Editorial for September 24: Caymanians not benefitting

One noteworthy aspect of the exodus
of expatriate workers over the past 19 months is its effect on unemployment of

Even though there are some 5,500
fewer work permit holders now than there were at the beginning of 2009,
Caymanian unemployment hasn’t dropped. In fact, during the course of 2009,
Caymanian unemployment actually increased more than three per cent. This trend
shows the fallacy of the argument, which is made almost daily on the radio talk
shows and blogs, that expatriates on work permits take jobs from Caymanians.

The truth is that expatriates on
work permits and their dependents help Cayman’s economy thrive. When you count
dependents of the 5,500 work permit holders that have left the Cayman Islands,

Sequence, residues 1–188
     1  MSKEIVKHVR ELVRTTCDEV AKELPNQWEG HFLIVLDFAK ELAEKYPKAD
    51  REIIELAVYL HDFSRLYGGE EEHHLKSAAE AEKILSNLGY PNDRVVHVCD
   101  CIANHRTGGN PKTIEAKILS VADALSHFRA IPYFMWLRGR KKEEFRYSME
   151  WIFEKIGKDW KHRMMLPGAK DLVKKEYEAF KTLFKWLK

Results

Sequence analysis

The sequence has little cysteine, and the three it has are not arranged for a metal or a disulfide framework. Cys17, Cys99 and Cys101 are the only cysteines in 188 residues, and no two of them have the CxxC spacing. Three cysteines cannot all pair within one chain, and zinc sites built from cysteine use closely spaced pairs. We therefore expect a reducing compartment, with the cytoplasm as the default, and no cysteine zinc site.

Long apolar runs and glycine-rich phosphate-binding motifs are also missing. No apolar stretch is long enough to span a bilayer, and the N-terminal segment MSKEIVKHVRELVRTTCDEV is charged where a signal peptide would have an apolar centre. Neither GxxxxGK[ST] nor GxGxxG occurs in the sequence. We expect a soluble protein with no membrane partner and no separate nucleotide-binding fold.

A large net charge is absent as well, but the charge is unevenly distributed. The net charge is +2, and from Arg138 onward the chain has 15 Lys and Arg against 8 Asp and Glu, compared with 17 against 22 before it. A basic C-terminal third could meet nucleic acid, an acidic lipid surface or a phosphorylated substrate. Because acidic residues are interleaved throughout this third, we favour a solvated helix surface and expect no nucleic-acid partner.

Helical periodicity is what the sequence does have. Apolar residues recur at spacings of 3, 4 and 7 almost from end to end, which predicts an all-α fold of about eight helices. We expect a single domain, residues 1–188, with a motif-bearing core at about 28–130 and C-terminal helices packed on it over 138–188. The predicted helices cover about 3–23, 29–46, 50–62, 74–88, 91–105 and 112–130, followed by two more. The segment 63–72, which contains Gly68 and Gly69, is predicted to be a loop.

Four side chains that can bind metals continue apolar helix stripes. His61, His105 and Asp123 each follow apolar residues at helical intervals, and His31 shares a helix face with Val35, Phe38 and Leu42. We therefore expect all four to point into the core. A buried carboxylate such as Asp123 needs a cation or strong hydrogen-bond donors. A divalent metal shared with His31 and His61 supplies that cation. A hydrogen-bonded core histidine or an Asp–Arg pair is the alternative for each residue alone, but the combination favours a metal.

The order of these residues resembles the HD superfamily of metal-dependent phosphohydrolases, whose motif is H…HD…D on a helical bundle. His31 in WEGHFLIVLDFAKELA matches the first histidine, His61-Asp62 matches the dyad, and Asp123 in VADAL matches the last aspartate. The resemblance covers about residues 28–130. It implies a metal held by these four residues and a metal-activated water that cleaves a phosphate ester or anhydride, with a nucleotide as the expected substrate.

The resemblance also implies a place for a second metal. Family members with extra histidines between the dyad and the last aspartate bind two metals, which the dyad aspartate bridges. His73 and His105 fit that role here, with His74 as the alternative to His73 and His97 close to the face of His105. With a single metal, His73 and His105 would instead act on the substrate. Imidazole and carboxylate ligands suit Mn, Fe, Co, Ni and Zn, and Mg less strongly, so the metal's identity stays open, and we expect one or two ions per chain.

the drop in population is probably more than 10,000 people. Without the consumer
spending of these people and their families, businesses either fold or lay-off
workers. Hence, there are fewer jobs available in the Cayman Islands for
everyone, including Caymanians.  Since
the vast majority of businesses here are also owned by Caymanians, it is Caymanians
who suffer the most from the contraction of population. In spite of this, many
expatriates continue to be denied work permits on the pretext that there are
qualified Caymanians to fill their positions. In many cases these vacated
positions are just being phased out rather than being filled with a Caymanian.
In the meantime, more hard-working expatriates have taken their talents and
spending elsewhere.


  1. True enough – and when businesses owned by expats along with Caymanians fold up, many Caymanians employed in these businesses also lose their jobs. It is a loss-loss situation all the way around.

Comments are closed.